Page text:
Press Release

Single Cell Genomics: Herbert Schiller (ILBD/CPC-M) co-organised first symposium of DZL working group

On May 5, 2021, the kick-off meeting of the Single Cell Genomics Working Group of the German Center for Lung Research (DZL) took place. Dr. Herbert Schiller of ILBD/CPC-M is coordinator of the new DZL working group and was co-organizer of the event.

Activity of individual genes in different cells of the developing human lung by `single molecule fluorescent in situ hybridization - smFISH´ (© and data: Christos Samakovlis - SciLifeLab Stockholm)

The still relatively young field of Single Cell Genomics - i. e. the massive parallel sequencing of the RNA of hundreds of thousands of individual cells of a tissue or organ - has led to groundbreaking discoveries in biomedical research in recent years and has virtually transformed our understanding of the cellular mechanisms of diseases. It was therefore no surprise that there was great interest in the kick-off meeting of the DZL Single Cell Genomics Working Group of the German Center for Lung Research. 

Analysis and Evaluation of Single Cell Genomics

Malte Lücken and Fabian Theis from ICB (Helmholtz Zentrum München) and both DZL PIs, demonstrated the possibilities of pooling and jointly analyzing Single Cell Genomics data from different studies or clinical cohorts in combination with demographic data. This allows researchers to distinguish between cellular changes in the lung occuring physiologically during as part of healthy aging process and pathological changes characterizing early or late stages of a particular disease.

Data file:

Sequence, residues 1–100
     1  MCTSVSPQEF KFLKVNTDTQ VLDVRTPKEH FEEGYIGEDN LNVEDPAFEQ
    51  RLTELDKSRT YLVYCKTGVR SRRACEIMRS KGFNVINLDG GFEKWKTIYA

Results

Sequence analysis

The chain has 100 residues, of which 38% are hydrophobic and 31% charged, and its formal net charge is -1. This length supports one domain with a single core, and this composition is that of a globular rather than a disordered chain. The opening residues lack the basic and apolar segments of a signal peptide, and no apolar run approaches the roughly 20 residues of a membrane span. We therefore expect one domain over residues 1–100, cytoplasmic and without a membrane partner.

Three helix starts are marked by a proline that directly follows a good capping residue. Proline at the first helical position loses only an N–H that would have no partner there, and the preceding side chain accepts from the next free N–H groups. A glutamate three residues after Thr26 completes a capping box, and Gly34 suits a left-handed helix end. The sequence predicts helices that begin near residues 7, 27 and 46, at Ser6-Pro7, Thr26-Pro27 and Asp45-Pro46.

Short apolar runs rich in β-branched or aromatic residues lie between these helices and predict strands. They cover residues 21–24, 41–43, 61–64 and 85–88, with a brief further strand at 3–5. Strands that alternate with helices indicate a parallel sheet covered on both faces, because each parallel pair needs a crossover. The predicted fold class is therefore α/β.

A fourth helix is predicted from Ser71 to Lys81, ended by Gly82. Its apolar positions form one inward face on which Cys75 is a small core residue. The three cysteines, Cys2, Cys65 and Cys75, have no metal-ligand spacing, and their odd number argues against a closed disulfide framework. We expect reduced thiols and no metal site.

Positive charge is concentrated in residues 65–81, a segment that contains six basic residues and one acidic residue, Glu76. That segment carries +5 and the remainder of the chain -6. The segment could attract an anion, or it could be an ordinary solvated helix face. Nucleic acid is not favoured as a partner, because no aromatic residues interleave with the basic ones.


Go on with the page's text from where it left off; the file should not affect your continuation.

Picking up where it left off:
The kick-off meeting showed that single cell genomics plays a key role lung research: "Cellular circuits consisting of multiple individual cells and the gene programs controlling them, act as a functional unit, and are the key to detecting the state of a tissue and predicting its future state or intervening therapeutically.", according to Herbert Schiller, Co-organizer.

The new DZL 3.0 funding period for the first time encourages researchers to investigate different lung disease in a cross-disciplinary and comparative manner using the new capabilities of Single Cell Genomics. The goal: Research groups that normally work on different lung diseases will cooperate closely in the application of new Single Cell Genomics methods and algorithms and gain new insights by comparing the diseases. 

Read a more detailed report on the symposium on the DZL site Munich website.